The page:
At his meeting with Myanmarese opposition leader Aung San Suu Kyi this morning, Prime Minister Manmohan Singh made a sartorial statement that was, in many ways, more eloquent than he himself is customarily known to be.
Singh had “dressed down” to his kurta-pyjama, which lent the meeting an air of informality, marking it as one that did not merit the badge of honour of an official meeting. At his official meetings with Myanmarese government leaders, by contrast, he was attired in striking bandhgala suits, which conveyed a certain formality that merits such occasions.
In every other way too, Manmohan Singh was mindful not to elevate the profile of his meeting with Suu Kyi so as not to convey to Myanmarese government leaders any signal that was apt to be misconstrued. Even when he arrived in Myanmar on Saturday on what was a ground-breaking trip that will enhance trade and investment cooperation between the two countries, Manmohan Singh – in comments to the media at the airport – initially omitted to mention his scheduled meeting with Suu Kyi. Only in response to mediapersons’ prompting did he acknowledge, without taking Suu Kyi’s name, that he looked forward to meeting “her”.
Diplomatic dance manoeuvres such as these, of course, signal an excessive eagerness on the part of the Indian establishment to accommodate the prickly feelings of the Myanmar regime. From the perspective of the Indian side, the meeting with Suu Kyi was intended largely for being seen to be doing the politically correct thing. Suu Kyi herself has in the past (here) expressed disappointment at India’s failure to be more supportive of the Myanmarese movement for democracy, which she said was particularly striking given India’s leadership of freedom movements in an earlier time.
But they also signal that for all the strides that Myanmar’s rulers have made in recent months towards greater political openness, they keep a wary eye out on Suu Kyi’s interactions with visiting dignitaries, of whom there have been a fair few in recent weeks. Suu Kyi’s immense popularity – in freedom-loving circles at home and abroad – invests her with an aura that they cannot hope to match, and it gives them more than a little disquiet.
For instance, Myanmar’s President Thein Sein, the face of the political reforms now under way in his country, has hastily cancelled plans to travel to Thailand this week to attend a World Economic Forum meeting on East Asia – after it became known that the conference organisers had invited Suu Kyi as well.
Thein Sein had initially accepted the invitation to address the conference, which symbolised Myanmar’s gradual integration into the world order from which it had been banished for the three decades that it was under military rule. But he cancelled it, saying that he had “urgent matters” to attend to at home.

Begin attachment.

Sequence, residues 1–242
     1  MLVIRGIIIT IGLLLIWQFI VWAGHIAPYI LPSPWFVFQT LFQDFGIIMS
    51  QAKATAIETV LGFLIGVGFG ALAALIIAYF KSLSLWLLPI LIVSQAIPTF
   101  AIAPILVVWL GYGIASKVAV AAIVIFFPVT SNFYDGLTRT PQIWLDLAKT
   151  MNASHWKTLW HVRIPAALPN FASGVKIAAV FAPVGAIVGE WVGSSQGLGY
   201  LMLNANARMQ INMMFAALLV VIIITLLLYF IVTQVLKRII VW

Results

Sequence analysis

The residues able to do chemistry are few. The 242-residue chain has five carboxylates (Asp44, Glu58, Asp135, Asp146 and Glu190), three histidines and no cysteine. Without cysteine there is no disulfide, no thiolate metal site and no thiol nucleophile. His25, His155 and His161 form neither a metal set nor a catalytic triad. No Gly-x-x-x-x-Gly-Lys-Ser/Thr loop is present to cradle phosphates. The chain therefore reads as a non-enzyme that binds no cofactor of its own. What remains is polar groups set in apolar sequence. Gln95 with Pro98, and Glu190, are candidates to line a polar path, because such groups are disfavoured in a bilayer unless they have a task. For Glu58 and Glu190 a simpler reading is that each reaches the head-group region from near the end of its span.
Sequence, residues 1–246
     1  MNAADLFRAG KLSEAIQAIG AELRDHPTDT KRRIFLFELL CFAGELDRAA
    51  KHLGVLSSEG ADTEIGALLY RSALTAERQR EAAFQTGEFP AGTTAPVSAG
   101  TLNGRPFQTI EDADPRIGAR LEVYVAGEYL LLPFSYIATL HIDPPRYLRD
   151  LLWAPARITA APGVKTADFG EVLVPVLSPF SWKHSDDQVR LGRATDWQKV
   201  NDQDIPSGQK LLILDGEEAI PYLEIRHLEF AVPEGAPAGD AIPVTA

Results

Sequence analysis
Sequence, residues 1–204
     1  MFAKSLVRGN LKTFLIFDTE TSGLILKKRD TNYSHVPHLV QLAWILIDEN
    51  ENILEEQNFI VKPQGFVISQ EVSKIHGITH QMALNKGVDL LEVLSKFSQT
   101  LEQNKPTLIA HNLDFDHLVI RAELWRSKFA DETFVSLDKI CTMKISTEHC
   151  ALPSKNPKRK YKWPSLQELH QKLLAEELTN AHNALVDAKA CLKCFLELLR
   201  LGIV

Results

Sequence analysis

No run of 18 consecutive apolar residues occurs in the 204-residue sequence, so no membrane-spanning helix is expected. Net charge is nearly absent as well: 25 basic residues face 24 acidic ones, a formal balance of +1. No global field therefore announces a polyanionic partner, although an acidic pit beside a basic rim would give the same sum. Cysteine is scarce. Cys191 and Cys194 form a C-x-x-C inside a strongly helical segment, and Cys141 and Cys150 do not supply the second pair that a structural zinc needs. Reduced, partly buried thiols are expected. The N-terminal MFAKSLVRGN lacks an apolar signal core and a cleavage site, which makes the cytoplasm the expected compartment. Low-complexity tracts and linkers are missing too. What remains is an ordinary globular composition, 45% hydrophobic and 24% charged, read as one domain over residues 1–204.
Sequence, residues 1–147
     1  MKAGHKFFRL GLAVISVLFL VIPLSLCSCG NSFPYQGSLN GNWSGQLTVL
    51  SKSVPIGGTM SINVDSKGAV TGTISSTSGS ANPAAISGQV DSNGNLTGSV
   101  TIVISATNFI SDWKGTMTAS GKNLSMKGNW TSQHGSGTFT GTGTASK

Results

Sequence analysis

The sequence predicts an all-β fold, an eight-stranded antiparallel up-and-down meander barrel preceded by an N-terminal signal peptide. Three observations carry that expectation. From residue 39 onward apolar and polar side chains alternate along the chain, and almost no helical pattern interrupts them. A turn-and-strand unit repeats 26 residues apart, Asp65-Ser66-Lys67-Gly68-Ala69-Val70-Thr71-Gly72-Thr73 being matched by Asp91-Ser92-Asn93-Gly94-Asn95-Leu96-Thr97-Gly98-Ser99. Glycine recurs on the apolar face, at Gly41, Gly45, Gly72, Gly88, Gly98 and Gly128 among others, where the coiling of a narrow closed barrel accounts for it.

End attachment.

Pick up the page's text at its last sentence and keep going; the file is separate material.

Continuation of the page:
Political observers, however, say that Thein Sein was acutely conscious of the fact that his participation at the conference would be overshadowed by Suu Kyi’s presence – given that it is her first visit overseas in 24 years.
During her visit, Suu Kyi will also meet Thai Prime Minister Yingluck Shinawatra – and additionally visit Myanmarese refugees and migrant workers who had fled the ethnic conflict in the areas that border the two countries.
Over the next several weeks, Suu Kyi will fly to several European countries, during which she will deliver a (long-delayed) Nobel Prize acceptance speech and address both houses of Parliament. Myanmarese leaders will be watching her every step of the way – in particular, what says overseas and how she is received abroad – to figure out how what this means for their future.
The last time that Myanmar’s opposition leader Aung San Suu Kyi was overseas was in 1988; that year, she flew back from Oxford to Myanmar, after receiving word that her mother had had a stroke. After her mother’s death, she stayed on to lead the country’s democracy struggled, which continued after she was robbed of an election victory in 1990 – and she was put under house arrest.
In all the 20-plus years after that, the country’s military junta let it be known that she was always free to leave the country – except that she would never be allowed to return to her motherland, where she had pledged to restore democracy.
The ‘false choice’ that Suu Kyi was given imposed severe moral dilemmas on her. In 1999, for instance, her husband Michael Aris was diagnosed with prostate cancer – and she was told that he did not have long to live. International leaders petitioned the then military regime asking it to issue Aris a Myanmarese visa for him to meet his wife one last time, but they went unheeded. Evidently, the junta calculated that at some point, Suu Kyi would yield to the emotional pressure to be “a good wife” and a “good mother” – and leave Myanmar to be with her husband.
But knowing that the democracy movement would be snuffed out if she left, and her followers would be victimised, Suu Kyi stayed on – and never got to see Aris, who died three months later.
Which is what invests Suu Kyi’s first overseas travel in 24 years with a measure of poignancy. The once-caged bird is now spreading its wings, but just how much of a leeway her erstwhile captors will give her will be on test. Myanmar’s rulers have thus far benefited from a lifting of sanctions that followed their baby steps towards political reform, but if they find their own future under threat from Suu Kyi’s enhanced profile, there’s the risk that they might be tempted to resort to reflexive old habits.